Provo River Aqueduct
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Provo River Aqueduct

What is it?

The Provo River Aqueduct (PRA) is the name of the now-enclosed Provo Reservoir Canal (PRC), known by many as the Murdock Canal. It runs from the mouth of Provo Canyon in Orem, Utah to the Point of the Mountain near the Utah County/Salt Lake County boundary in Lehi, Utah.

Why was it built?

The Provo River Aqueduct was built to deliver water developed by the Provo River Project and stored in Deer Creek Reservoir to irrigation and municipal water users in Utah and Salt Lake Counties.

When was it built?

The Provo Reservoir Canal was originally built in the early 1900s by the Provo Reservoir Company, and had a capacity of 180 cubic feet per second (cfs). In the 1940s the canal and right-of-way were purchased as part of the Bureau of Reclamation’s Provo River Project, and the PRC was enlarged to a capacity of 550 cfs. Beginning in 2010, the PRC was enclosed into a 126” diameter welded-steel pipe and renamed the Provo River Aqueduct. The PRA now has a capacity of 612 cfs.

How big is it?

The Provo River Aqueduct runs approximately 21.5 miles from the Murdock Diversion in Provo Canyon, northwest along the foothills of the Wasatch Front to the Point of the Mountain near the Utah County/Salt Lake County boundary. The PRA is a spiral-welded steel pipe. Most of the pipe is 126” in diameter. There are sections that are 133”, 126”, 120”, 96” and 84” in diameter, depending on the function.

There are seven siphons along the PRA. The Olmsted Tunnel and Siphon is a 5,200-foot long 96” diameter concrete pipeline which carries water from just below the Murdock Diversion through the mouth of Provo Canyon, under and across the Provo River and connects to the PRA at 800 North in Orem. As the name implies, the Parallel Pipeline is an 84” steel siphon that parallels the Olmsted Siphon and helps improve the hydraulic performance for the whole system. The Pleasant Grove Siphon represents the solution to certain seismic concerns that exist in the foothills of Pleasant Grove City. This siphon is 3,700 feet long and is 126” in diameter. The American Fork Siphon crosses under American Fork Creek and consists of a 1,285-foot long 126” diameter siphon. The Dry Creek Siphon is a 1,300-foot long 126” diameter siphon that crosses under Dry Creek. The reconstruction of State Road 92 resulted in the SR-92 Siphon in 2010. This siphon is 700 feet long and consists of 133” diameter steel pipe. The I-15 Siphon crosses under Interstate 15 and consists of a 1,100-foot long 90” diameter steel-lined concrete siphon near the Point of the Mountain.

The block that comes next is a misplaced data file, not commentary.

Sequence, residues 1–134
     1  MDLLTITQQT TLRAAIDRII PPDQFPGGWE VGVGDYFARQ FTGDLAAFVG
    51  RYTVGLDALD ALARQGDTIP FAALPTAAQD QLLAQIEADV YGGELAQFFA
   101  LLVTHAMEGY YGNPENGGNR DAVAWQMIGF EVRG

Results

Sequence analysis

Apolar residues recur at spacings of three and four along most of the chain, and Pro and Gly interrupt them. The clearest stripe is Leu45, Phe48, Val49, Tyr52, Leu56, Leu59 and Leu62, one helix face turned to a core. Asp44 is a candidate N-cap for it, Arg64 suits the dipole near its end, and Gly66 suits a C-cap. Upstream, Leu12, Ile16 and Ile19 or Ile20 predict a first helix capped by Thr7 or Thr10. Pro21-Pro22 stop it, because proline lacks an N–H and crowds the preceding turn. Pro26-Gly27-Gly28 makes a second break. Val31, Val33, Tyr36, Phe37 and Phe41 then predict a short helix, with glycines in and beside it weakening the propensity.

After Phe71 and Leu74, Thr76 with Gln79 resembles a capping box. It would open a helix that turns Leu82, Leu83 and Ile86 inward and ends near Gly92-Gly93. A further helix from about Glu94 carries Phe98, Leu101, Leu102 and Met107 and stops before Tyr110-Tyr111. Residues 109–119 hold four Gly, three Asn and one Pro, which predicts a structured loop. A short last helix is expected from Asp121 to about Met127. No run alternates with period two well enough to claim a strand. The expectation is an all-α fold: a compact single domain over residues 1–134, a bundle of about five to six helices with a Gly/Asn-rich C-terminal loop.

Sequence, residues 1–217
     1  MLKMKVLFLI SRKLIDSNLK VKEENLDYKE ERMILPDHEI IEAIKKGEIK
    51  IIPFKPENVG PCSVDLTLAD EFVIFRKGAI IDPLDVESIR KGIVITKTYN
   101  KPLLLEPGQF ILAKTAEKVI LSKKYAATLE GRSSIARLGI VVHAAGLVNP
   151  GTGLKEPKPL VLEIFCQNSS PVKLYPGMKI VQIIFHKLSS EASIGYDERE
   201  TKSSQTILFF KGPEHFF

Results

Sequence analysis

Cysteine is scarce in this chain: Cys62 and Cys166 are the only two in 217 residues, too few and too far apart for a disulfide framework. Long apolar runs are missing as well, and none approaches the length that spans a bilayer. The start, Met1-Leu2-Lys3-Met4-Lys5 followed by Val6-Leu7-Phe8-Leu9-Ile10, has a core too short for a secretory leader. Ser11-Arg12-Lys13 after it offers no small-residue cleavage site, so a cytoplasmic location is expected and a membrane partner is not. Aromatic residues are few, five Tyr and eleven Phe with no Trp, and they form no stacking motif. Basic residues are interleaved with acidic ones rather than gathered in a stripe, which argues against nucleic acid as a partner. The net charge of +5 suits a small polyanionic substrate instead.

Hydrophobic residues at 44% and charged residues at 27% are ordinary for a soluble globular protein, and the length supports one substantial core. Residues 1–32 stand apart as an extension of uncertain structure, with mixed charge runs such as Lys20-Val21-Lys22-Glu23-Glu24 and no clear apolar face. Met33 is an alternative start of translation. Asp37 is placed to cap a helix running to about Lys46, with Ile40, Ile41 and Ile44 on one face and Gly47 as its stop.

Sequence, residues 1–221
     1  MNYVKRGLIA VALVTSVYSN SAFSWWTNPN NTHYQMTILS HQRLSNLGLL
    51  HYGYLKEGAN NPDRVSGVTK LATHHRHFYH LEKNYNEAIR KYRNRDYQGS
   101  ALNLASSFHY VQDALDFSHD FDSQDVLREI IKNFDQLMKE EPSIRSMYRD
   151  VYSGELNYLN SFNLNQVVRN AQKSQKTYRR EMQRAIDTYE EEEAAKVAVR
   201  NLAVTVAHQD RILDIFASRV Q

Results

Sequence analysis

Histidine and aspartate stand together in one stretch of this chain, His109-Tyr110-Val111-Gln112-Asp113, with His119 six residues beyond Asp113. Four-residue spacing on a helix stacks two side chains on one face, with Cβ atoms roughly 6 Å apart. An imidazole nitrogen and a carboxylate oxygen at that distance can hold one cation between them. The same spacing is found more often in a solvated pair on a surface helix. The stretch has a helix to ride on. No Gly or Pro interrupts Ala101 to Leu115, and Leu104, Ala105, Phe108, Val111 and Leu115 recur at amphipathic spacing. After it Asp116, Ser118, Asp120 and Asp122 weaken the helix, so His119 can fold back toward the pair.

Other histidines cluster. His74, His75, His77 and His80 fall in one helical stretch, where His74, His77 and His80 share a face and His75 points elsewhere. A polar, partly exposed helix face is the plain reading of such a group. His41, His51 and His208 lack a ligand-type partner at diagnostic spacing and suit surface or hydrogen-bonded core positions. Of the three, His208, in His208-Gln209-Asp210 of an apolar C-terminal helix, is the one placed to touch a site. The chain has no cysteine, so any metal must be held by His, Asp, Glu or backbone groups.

Association Lands staff works year-round with jurisdictions and adjacent landowners to license approved uses on the PRA corridor and resolve encroachments or boundary conflicts.

What is the Association’s responsibility?

The Association’s responsibility is to operate and maintain the PRA and the corridor where the PRA resides. This includes the annual filling and startup of the aqueduct. It takes approximately 185 acre feet of water to fill the pipeline each year. At the end of the year, that water is delivered to water users as the pipeline is drained. At startup, all of the operating equipment is inspected and tested for operation. This includes SCADA equipment, valves, controllers, rakes, screens, drains and pumps. All of this equipment is monitored as the irrigation season unfolds. Individual water users work with the Watermaster to schedule when and how much water they want throughout the season. At the end of the season, the PRA is drained and decommissioned for winter. During the winter, portions of the PRA interior are inspected, and preventative maintenance and repairs are made at this time.

A little more information…

The PRA is gravity-fed, meaning no pumps are required to deliver water through the main pipeline. The difference in elevation at the beginning of the canal (the Murdock Diversion in the mouth of Provo Canyon), and the Point of the mountain is only 60 feet. This elevation difference is sufficient to force the water through the canal’s seven siphons. The pipeline itself consists of 32,000 tons of steel coil welded together to make the 21.5 mile aqueduct. There is approximately 186,000 cubic yards of flowable fill concrete supporting the pipe along its 21.5 miles. That’s enough concrete to make a sidewalk 3,587,000 feet long.

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